According to an estimate, around Rs 3,000 crore is spent every year by municipal bodies in the metros on collection and disposal of garbage. “The Brihanmumbai Municipal Corporation (BMC) spends about Rs 800 crore every year in transportation of waste from homes to dumping grounds. Only if the government fixes one organic waste converter in every society this cost could be reduced at one go”, says Mohan Jawdekar, vice president of the environment and biotech division at Excel Industries, a Rs 800 crore company which manufactures organic waste converters.

The OWC is presently used by hotels and hospitals and priced at Rs 4 lakh. And it can convert organic waste into manure, which if sold even at one or two rupees per kg, can not only help governments save millions spent on transportation of garbage but also earn revenue from the sale of manure.

Notably, two companies—Sai Renewable Power and GK Bio-Energy—are using the technology to generate electricity from waste. Sai Renewable Power, based in Hyderabad, generates power after combustion of empty bunches from palm trees and residue of palm fruits. These are rich in volatile substances and are used as a fuel for the boiler in the plant.

The Rs 1,376 lakh project, funded partly by IREDA, generates 3MW of power from 100 tonnes of palm oil industry waste every day. GK Bio-Energy, a Namakkal (Tamil Nadu) based company, generates power from poultry droppings. It collects the droppings of about a million birds from nearby poultry farms to generate power. The technology is based on the Biogas Induced Mixing Arrangement (BIMA) technology developed and commercialised by Entec, an Austrian company.

Explains Anurag Garg, assistant professor at IIT Mumbai, “According to our research about 20% of the total municipal solid waste consists of plastic, which is a hydrocarbon and can be converted into fuel or energy. Presently not many companies have come into the market with their products but this field has great potential”. Many small companies are now tying with large oil companies for promotion of their products. Recently Asian Electronics entered into a joint venture with a major Indian petroleum company.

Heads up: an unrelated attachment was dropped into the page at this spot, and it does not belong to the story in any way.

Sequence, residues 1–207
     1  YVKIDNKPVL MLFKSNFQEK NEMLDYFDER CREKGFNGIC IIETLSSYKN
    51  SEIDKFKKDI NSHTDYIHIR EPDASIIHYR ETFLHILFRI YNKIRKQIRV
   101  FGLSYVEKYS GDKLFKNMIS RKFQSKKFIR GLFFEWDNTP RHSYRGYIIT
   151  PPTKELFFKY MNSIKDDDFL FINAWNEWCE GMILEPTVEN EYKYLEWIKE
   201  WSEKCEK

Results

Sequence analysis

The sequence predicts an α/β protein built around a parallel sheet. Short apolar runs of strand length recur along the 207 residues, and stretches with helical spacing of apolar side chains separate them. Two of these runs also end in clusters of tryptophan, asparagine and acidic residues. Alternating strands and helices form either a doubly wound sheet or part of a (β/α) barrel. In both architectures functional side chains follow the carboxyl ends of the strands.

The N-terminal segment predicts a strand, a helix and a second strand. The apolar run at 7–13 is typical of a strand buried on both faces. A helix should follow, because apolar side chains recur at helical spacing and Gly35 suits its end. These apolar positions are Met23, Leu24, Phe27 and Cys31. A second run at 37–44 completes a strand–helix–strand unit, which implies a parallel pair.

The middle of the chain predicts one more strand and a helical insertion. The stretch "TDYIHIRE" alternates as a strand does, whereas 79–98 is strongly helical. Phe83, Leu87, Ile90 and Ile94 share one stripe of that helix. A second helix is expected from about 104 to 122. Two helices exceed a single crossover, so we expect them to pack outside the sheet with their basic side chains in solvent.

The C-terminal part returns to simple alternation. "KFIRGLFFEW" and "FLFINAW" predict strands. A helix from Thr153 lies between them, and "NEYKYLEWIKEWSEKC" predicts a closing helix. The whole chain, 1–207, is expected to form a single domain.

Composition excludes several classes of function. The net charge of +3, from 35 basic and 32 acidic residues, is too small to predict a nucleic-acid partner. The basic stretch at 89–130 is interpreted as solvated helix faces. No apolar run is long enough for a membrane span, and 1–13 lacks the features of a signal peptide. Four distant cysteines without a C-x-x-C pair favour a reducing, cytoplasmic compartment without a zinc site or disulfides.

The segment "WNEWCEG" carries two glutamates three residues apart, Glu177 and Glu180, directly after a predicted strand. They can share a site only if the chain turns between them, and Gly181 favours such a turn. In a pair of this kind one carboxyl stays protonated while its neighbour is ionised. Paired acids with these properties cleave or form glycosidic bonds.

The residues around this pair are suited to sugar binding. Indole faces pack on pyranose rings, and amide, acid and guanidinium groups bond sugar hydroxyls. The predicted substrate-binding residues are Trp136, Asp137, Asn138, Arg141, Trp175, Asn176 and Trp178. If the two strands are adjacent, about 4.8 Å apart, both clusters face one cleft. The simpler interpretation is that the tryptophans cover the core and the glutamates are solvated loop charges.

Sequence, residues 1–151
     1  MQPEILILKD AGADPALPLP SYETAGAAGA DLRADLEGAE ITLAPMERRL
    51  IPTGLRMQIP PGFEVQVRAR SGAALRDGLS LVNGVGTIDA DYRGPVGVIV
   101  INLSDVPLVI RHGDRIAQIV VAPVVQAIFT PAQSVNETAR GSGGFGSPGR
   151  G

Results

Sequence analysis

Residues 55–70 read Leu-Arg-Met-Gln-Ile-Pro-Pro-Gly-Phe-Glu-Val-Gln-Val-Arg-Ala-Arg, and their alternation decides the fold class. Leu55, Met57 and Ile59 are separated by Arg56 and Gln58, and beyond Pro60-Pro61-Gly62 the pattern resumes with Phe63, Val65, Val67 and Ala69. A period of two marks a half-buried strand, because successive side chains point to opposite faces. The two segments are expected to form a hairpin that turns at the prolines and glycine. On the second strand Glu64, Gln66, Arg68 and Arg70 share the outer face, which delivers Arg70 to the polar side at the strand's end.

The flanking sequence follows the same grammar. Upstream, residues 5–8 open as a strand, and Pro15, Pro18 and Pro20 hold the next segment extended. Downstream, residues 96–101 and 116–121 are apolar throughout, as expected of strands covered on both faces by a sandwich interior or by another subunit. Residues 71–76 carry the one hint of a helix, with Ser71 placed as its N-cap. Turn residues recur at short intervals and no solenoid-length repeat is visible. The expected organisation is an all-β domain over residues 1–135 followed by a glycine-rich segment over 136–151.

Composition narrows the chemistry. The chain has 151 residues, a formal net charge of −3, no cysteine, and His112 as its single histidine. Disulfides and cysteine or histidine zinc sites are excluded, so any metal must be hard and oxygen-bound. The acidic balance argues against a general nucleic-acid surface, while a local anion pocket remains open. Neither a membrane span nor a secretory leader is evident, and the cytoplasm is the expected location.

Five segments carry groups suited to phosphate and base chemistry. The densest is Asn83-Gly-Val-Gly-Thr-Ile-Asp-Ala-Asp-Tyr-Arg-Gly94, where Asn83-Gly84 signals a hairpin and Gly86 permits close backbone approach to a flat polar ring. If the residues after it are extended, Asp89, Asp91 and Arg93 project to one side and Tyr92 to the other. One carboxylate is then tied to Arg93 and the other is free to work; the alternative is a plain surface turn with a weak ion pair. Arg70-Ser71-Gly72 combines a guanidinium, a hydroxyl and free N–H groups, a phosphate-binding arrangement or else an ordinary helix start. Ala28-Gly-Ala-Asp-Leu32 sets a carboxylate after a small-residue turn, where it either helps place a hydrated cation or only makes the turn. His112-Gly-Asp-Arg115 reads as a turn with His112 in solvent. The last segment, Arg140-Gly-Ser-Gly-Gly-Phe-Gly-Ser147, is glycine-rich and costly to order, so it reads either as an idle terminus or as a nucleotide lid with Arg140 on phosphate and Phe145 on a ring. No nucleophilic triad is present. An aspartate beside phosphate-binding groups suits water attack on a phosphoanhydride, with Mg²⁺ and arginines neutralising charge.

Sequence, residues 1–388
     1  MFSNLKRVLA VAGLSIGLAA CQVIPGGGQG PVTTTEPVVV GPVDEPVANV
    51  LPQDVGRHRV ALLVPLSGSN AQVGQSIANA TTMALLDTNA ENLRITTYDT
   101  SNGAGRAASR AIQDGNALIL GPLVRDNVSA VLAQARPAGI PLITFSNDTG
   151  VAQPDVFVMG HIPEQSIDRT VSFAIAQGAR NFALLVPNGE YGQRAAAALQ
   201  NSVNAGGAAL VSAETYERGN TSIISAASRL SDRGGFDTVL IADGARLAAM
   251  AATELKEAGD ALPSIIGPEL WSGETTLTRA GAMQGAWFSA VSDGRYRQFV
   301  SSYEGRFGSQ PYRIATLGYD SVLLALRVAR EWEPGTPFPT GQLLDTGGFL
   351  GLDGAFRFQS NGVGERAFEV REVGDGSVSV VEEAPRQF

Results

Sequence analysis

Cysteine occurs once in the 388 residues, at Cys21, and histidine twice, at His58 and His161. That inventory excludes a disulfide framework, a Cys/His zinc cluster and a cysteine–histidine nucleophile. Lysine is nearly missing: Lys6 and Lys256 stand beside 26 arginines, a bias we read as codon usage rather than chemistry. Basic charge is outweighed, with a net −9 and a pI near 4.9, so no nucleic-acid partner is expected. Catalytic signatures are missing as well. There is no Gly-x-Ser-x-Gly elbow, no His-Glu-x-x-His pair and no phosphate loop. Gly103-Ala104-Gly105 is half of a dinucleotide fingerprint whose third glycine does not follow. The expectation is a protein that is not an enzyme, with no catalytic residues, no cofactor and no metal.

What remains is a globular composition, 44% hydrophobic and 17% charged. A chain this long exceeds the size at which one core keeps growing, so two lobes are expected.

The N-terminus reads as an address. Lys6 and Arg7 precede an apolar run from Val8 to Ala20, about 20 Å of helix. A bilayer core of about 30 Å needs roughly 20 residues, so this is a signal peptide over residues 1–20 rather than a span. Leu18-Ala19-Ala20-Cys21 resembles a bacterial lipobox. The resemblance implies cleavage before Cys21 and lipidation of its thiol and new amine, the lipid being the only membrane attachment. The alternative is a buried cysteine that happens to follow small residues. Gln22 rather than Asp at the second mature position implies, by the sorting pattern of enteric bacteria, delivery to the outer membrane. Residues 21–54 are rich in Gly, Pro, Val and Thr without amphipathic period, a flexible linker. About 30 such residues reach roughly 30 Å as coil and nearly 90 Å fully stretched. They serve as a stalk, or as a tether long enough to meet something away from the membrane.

“We have signed an MOU with the oil company and would be marketing our products with them and could also use some of their residue (heavy oil) as raw material for our process. But otherwise also we can market our products through them”, says Shah refusing to divulge the name of the petroleum company. Asian Electronics plans to come out with a fuel, which could be used as a substitute for diesel and will be cheaper too.

“In the near future you could see many petroleum mammoths tying up with small companies either for the technology or the products. And we expect that it would be a business worth billions”, says Rao.

Industry experts also point out that technologies developed in India hold huge potential abroad. Says Zadgaonkar, “We are in talks with an Oman-based company and a USA-based company have also showed keen interest. Companies in the West are attracted to our technology as it gives them carbon credits”.